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Investing in Technology for Special Needs and Early Childhood Education

April 2, 2015 by Kevin Custer


Gallery_Kevin-Congressional-Testimony-1
I recently spoke at a congressional briefing on technology in early education, focusing on the overall economic benefits of investing in technology for preK education and special needs. The panel also included Rhian Evans Allvin, Executive Director for the National Association for the Education of Young Children (NAEYC); Benjamin Heuston, Ph.D., President, Waterford Institute; Chip Donohue, Ph.D., Dean of Distance Learning and Continuing Education and Director of the Technology in Early Childhood Center, Erikson Institute; and was moderated by Sara Mead of Bellwether Education Partners.

In terms of special needs and technology, the world has changed immensely in the past five years. An assistive communications device (what a lot of people would know as what Stephen Hawking uses to communicate) used to cost five or ten thousand dollars. Now, with an iPad for less than $500, not only do people with special needs have the ability to communicate and access the Internet, but they can actually interact with society, truly changing their lives. And things will continue to change rapidly. It took 20 years to get to a ratio of one computer for every five kids in K-12 schools (not including early education). It only took about three years to reach a one-to-five computer-to-tablet ratio in our education system, with  Apple shipping over 10 million iPads, and more than 5 million Android devices out there. Technology is part of the reality of daily life, and kids with special needs are no different, except that technology enables them to interact with society in a way they could not before.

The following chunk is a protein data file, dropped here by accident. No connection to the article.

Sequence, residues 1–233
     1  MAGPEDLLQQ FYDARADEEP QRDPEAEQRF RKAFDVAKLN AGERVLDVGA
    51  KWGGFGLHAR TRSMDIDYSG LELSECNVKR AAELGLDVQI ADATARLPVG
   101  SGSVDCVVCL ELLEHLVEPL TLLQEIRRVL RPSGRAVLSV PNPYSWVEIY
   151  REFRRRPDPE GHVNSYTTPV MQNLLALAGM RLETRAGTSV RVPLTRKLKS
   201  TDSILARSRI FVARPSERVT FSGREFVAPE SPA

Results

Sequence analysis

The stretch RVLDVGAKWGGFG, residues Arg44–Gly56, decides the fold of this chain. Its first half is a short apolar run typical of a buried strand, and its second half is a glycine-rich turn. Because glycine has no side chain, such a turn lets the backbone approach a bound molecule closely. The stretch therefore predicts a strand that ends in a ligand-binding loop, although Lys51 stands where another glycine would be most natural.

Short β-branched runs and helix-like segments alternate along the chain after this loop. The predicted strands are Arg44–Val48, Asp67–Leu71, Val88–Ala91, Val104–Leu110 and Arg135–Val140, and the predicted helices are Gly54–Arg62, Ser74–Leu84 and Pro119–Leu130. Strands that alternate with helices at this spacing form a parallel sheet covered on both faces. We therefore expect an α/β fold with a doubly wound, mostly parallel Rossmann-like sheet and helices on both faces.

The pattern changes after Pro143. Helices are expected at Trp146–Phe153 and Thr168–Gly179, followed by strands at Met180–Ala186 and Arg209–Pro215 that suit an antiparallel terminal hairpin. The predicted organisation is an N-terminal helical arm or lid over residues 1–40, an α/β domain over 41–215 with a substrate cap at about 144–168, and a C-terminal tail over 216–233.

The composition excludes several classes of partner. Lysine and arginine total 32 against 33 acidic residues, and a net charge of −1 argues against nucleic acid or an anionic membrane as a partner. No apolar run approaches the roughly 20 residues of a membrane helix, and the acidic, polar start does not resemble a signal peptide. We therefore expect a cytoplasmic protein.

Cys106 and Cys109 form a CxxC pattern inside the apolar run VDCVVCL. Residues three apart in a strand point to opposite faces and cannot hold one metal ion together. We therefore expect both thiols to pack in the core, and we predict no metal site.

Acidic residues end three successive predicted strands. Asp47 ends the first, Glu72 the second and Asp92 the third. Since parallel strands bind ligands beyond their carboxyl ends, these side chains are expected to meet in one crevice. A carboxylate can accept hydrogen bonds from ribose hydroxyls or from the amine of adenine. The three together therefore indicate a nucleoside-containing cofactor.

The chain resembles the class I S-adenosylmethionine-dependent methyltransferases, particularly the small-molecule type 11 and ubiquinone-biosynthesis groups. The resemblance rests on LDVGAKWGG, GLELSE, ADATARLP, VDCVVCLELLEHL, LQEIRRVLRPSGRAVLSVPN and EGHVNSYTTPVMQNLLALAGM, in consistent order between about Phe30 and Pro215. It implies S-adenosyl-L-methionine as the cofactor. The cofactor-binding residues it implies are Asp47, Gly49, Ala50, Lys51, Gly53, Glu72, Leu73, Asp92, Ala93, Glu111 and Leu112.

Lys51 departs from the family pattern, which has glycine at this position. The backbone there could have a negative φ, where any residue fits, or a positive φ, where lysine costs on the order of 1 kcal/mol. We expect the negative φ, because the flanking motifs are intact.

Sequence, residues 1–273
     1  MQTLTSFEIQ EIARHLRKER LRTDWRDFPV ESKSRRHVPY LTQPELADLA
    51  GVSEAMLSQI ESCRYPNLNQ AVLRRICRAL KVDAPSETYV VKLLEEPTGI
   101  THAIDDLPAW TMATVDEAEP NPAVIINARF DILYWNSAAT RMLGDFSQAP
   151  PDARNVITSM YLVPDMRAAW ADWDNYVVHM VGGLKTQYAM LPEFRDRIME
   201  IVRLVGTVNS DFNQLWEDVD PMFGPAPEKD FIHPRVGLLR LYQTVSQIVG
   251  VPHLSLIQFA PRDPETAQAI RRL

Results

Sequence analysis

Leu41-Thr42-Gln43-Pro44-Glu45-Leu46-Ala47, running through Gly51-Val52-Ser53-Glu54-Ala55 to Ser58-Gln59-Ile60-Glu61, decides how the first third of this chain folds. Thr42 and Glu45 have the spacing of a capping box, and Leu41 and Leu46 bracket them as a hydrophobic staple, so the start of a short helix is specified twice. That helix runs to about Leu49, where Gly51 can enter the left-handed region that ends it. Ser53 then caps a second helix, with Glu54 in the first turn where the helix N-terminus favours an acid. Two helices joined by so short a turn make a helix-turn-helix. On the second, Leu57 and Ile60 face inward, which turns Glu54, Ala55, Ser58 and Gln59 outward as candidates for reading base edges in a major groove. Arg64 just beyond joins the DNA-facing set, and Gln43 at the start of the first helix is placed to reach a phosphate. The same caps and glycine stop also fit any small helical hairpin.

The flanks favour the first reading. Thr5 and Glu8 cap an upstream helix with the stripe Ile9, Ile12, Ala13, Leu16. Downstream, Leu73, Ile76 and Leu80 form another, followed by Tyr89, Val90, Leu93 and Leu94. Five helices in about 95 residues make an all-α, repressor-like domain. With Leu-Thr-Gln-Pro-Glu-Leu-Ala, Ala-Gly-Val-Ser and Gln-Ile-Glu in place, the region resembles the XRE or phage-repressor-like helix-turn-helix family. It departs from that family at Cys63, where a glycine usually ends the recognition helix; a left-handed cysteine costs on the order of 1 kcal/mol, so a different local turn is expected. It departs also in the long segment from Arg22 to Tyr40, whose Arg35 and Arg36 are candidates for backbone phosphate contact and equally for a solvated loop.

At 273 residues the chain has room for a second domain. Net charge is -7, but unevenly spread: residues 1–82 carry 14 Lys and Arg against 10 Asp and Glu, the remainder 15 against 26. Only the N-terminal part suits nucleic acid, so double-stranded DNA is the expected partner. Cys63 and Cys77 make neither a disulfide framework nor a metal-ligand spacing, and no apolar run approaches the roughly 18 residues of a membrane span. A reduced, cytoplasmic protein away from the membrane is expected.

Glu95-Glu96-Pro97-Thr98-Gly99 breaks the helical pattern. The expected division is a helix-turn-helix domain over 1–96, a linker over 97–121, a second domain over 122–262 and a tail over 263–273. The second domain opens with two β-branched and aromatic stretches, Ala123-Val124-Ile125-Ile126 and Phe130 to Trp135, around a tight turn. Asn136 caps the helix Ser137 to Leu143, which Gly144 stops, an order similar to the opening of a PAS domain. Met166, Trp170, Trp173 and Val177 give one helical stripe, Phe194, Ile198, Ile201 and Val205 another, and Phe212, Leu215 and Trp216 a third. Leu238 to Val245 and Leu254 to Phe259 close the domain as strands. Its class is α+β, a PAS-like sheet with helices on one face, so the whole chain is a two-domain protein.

In the education business, we are always looking at academic return on investment. Superintendents across the country get a return of $1.10 for every dollar spent, and look to increase test scores by ten or fifteen percent. In the preK market, the opportunity is even greater, looking at magnitudes of difference rather than fifteen percent. Getting kids ready to read when they enter school is critically important - even more so for kids with special needs. In Virginia, a Joint Legislative Audit Review Committee on Autism study found that in 90 percent of children with autism spectrum disorders, if they are able to get intensive treatment by age 3, half will then enter first grade at a near-typical level - meaning they don't need as much support (i.e. full-time aides), saving a district $209,000 in education costs. Just a few hundred dollars of technology and a qualified educator make a difference that saves more than $200,000 per child.

Why is this relevant? The current incidence of autism is now 1 in 68 kids (and one in seven people now have a family member with autism). Within a few years the ratio will be one in fifty children, meaning every other K-12 teacher will have a child with autism in their classroom. We need to have technology and professional development that supports those teachers. Educating children with autism is very complicated - people earn doctorates in it. If you've met one child with autism, you've just met one - there are a million more, each with unique challenges. Technology is the key that allows educators to work with not every child with autism, but with the one child in their classroom.